Complications of radiculopathy, such as chronic pain, loss of motor strength and function, or potential progression to cervical myelopathy should be prevented and promptly managed9.

    Coordination of care

    The etiology of cervical radiculopathy can be multifactorial. Treatment varies according to the clinical presentation.  The physiatrist must coordinate the use of  medications, functional rehabilitation programs (physical therapy and/or ergonomic assessment), interventional procedures, and/or surgery consultations.  Car injuries involving litigation will require the treating physicians to interface with lawyers and the judicial system. Injured workers will require that the physiatrist coordinate care with case managers and employers. An interdisciplinary approach to care involves the patient in the decision making process as well.

    Patient & family education

    Patients should be well informed of the potential risks, benefits, and limitations of the various available surgical and medical/rehabilitative and interventional treatment options.

    Emerging/unique Interventions

    Functional assessments include the Neck Disability Index (NDI), the Patient-Specific Functional Scale (PSFS), and the Oswestry Disability Scale (ODS).  Other meaures include Numeric Pain Rating Scale (NPRS) and Visual Analogue Scales (VAS) for pain ratings5. ​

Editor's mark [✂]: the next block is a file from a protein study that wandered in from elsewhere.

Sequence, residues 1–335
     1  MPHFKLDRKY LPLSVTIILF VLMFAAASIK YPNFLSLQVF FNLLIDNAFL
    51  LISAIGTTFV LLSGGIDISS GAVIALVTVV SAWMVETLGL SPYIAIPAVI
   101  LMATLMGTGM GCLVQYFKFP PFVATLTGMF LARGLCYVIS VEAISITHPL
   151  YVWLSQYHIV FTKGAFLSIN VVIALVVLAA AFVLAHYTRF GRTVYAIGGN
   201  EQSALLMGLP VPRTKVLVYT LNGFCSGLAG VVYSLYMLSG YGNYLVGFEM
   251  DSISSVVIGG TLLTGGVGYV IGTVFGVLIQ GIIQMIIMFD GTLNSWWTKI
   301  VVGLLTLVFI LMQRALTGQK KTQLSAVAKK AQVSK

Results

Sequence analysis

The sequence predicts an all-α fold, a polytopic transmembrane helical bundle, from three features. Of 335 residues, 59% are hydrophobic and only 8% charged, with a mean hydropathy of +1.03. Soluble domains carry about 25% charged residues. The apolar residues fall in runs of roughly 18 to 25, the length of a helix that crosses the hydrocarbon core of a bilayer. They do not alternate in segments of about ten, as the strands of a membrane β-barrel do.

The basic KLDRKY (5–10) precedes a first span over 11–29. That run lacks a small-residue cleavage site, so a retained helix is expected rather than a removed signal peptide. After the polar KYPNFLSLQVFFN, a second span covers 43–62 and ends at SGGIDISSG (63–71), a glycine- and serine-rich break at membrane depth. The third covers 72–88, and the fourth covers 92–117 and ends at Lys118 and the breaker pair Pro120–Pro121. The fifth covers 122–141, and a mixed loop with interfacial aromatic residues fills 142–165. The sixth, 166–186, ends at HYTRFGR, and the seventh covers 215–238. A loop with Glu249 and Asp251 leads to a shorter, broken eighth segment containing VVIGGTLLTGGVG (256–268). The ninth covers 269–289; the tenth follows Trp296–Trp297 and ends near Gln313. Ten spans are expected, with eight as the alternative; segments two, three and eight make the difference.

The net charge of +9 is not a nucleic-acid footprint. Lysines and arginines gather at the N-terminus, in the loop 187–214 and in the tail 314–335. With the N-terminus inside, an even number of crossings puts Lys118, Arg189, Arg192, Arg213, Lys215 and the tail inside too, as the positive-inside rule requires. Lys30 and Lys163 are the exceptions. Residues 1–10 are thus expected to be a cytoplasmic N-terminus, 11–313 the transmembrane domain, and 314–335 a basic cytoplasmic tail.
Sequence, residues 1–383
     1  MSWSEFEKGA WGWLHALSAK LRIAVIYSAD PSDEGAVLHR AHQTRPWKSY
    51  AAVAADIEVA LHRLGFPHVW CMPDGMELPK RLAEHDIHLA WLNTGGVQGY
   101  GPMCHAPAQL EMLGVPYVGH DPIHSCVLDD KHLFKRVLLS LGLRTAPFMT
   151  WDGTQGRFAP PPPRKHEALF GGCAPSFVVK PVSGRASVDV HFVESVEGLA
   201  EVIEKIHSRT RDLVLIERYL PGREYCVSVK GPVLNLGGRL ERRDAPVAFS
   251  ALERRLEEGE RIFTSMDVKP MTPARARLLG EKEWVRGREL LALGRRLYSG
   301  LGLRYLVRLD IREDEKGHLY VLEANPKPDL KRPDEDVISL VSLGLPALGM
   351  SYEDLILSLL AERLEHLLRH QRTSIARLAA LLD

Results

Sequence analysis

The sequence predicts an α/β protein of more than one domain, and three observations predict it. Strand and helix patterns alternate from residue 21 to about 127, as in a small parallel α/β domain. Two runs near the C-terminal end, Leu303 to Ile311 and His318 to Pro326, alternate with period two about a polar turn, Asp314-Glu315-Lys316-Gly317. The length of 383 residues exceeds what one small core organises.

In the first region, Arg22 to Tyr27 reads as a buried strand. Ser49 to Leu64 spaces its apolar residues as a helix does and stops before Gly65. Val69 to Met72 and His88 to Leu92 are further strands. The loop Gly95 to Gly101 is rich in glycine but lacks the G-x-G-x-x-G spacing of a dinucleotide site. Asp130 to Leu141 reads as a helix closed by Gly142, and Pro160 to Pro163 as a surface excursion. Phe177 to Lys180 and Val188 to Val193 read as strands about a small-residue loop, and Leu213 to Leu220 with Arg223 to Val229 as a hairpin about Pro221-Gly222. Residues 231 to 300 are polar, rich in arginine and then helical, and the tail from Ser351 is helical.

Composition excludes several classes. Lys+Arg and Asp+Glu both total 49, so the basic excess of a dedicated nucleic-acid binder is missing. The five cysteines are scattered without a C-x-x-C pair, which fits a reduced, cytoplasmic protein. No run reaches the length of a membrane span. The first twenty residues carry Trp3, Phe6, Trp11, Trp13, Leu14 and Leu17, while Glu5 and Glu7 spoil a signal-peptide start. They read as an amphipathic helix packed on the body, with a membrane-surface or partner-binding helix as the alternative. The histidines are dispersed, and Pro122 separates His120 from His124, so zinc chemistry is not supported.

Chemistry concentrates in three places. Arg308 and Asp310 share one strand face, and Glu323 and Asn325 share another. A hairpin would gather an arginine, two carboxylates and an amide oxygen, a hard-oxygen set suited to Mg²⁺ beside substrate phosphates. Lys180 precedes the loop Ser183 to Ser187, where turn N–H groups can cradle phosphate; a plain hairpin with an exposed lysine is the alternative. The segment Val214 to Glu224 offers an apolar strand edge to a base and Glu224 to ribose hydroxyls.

Translation into practice: practice "pearls"/performance improvement in practice (PIPs)/changes in clinical practice behaviors and skills
    1. Cervical radiculopathy should be considered in the differential diagnosis of neck and arm pain, along with symptoms of numbness and paresthesias.
    2. Do not assume that cervical radiculopathy is the diagnosis in anyone presenting with neck and arm pain along with radiological evidence, without a full comprehensive evaluation.
    3. If the cervical radiculopathy follows a non-classical dermatomal distribution, often it can go undiagnosed.
    4. Keep cervical radiculopathy in the differential diagnosis in someone presenting with scapular or periscapular pain out of proportion to neck pain, with or without having arm pain.​
  4. Cutting edge/emerging and unique concepts and practice
    Cutting edge concepts and practice